The Bunya Mountains
The Bunya Mountains is a spectacular wilderness range forming an isolated section of the Great Dividing Range situated about 150km from the coast and lying almost centrally between Kingaroy and Dalby.
The immense subtropical range of cool, green rainforest, eucalypt forests and woodlands is home to the world’s largest forest of bunya pines. High altitude grasslands include rare grasses of international interest.
The Bunya Mountains is pristine, peaceful and spectacular, yet only 2½ – 3 hours from Brisbane and 4 hours from both coasts.
The Bunya Mountains rise abruptly from the surrounding plains to an average elevation of 975m reaching over 1100m above sea level at Mounts Mowbullum and Kiangarow. The range features panoramic mountain scenery and breathtaking views over the South Burnett region and southern plains.
Dome shaped bunya pines graciously raise their majestic heads above the forest canopy crowning a magnificent green splendour.
“Bunya” has 4 distinct seasons with corresponding dramatic changes in rainforest colour. In October at dusk the fireflies flash their bright white lights and the King Orchids display their brilliant yellow flowers on the canopy tops.
Nights are alive with the sounds of the nocturnal creatures and a myriad of stars, while the lights of Dalby, Oakey, Kingaroy and Toowoomba are clearly visible from Fishers Lookout. Mist covered mountain scenery is a sight to behold on an early morning walk as you take in the fresh crisp, clean high altitude air.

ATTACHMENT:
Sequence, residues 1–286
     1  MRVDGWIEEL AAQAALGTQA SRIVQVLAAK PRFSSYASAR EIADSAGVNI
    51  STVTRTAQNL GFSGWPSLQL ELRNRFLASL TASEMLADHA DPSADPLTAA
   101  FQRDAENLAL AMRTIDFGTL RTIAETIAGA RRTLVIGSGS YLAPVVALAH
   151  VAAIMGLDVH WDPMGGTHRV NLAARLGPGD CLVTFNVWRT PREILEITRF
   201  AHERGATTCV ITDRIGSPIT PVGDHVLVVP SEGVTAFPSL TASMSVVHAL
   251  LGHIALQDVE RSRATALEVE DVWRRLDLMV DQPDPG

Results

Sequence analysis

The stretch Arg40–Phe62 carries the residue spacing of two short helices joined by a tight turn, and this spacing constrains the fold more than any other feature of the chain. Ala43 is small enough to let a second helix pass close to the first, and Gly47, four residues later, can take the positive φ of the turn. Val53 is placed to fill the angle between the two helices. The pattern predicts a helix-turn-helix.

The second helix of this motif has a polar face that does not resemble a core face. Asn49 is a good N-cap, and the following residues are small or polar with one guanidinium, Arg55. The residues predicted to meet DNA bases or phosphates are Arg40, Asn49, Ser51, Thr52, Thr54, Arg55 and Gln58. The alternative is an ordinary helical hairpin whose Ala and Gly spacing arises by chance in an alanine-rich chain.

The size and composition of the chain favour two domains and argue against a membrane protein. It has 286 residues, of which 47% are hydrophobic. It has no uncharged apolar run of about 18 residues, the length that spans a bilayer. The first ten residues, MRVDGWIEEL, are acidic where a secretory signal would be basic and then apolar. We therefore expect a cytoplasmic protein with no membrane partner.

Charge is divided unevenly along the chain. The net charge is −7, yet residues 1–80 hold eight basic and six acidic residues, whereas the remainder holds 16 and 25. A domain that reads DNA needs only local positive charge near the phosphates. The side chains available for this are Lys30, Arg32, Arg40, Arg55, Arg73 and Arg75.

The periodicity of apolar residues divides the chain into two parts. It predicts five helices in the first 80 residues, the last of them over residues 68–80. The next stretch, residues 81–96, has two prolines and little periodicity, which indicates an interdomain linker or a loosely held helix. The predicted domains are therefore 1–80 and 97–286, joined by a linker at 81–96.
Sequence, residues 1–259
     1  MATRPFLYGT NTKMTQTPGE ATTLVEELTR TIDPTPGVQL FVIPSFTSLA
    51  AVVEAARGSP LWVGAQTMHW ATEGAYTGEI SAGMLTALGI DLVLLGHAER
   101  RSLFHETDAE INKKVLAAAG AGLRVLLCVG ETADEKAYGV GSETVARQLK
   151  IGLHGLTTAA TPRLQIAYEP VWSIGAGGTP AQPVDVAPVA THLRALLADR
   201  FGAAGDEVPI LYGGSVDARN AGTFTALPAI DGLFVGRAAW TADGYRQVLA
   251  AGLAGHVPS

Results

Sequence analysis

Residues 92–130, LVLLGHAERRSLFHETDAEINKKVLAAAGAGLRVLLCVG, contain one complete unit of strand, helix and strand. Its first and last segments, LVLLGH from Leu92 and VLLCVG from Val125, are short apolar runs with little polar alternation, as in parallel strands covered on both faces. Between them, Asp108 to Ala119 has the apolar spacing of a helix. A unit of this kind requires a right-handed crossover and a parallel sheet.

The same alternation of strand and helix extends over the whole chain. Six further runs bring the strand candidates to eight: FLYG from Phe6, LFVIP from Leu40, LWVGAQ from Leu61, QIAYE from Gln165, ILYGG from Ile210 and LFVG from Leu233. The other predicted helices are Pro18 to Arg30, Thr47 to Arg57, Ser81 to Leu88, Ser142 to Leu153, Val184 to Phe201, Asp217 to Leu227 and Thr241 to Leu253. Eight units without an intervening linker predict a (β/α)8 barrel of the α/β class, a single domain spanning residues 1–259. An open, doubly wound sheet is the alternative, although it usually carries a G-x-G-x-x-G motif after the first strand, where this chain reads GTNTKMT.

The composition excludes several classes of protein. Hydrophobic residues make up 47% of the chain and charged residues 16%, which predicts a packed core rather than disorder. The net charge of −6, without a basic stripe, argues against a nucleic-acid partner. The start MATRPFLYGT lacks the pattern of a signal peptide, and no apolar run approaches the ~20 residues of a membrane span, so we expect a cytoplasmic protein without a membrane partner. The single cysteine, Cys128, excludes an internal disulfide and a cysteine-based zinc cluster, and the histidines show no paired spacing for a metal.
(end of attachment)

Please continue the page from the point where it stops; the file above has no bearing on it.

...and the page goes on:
The Bunya Mountains are home to 121 species of birds, rare and precious varieties attract birdwatchers worldwide. Brilliantly coloured king parrots, crimson rosellas and satin bowerbirds are common sights.
Countless red-necked wallabies bound or preen in grassy areas. Swamp wallabies and red-necked pademelons prefer the cover of the rainforest but are observed along the roadside.
Aboriginal people historically used Bunya Mountains as a meeting place for the various tribes scattered throughout Queensland and New South Wales. They feasted seasonally on the bunya nuts collected from the bunya pine trees (Araucaria bidwillii).
Early Europeans used bullock and horse teams to harvest the red cedar and other precious rainforest timbers. The chutes used to roll the logs down to the bottom of the mountain can still be seen today. Today 11,700ha of Bunya Mountains is a National Park.
Visitors find the mystical Bunya Mountains a deep spiritual experience. Some call it God’s country, some say it’s where peace abides; all feel the magic in their own way.